It is difficult to tell time in the wilderness, but after what seemed to be an hour of brisk walking, Machk knelt beside a pile of what appeared to be earthen balls. He picked up a few and crushed on between his fingers. Briefly, he raised it to his nose, smelling it. Apparently satisfied, he tossed one of the balls to Robert and dropped the others.
Robert caught the ball and realized that it was a piece of animal dung, weathered and dusty. The color seemed to have been leached, and it crumbled readily when Robert squeezed it. The inside was dry, but not desiccated. He smelled it. The odor of the dung was stale, almost earthy. Whatever had dropped this was long gone.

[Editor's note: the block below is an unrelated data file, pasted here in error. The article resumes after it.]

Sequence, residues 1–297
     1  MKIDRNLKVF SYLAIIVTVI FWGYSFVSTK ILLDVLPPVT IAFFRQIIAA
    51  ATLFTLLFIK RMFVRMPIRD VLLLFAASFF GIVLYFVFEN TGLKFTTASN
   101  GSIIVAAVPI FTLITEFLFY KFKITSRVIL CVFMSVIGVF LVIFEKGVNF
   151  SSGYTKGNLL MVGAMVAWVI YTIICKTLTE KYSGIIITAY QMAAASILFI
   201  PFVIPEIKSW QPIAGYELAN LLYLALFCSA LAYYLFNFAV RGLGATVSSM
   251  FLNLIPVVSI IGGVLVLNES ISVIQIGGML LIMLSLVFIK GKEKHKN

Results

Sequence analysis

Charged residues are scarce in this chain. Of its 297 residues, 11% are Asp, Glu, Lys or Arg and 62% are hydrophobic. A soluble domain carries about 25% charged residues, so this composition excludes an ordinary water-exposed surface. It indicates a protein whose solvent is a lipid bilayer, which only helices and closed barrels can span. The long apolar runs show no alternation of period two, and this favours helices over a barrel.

“Deer?” Robert asked in the quiet tones that men naturally use when in nature.
Machk shook his head. “Bear.” He pointed to a set of nearby tracks.
“Three days?” Robert asked, motioning slightly with the droppings in his hand.
“About that, perhaps four,” Machk agreed. “The rains have not come in seven days. That means the offal dries out quickly and not as hard. Had it been hard and stale, then I would have known it to have been from before the rains. Water would have hardened this before it dried out again.”
“And the center might have been still moist or at least not as dry,” Robert conjectured.
Machk nodded yes, and a gleam of something like pride flickered in his brown eyes, as though a pupil had learned a valuable lesson. The flicker passed, and Machk’s eyes were as impassive as they had always been. Machk was teaching him woodcraft and how to live here.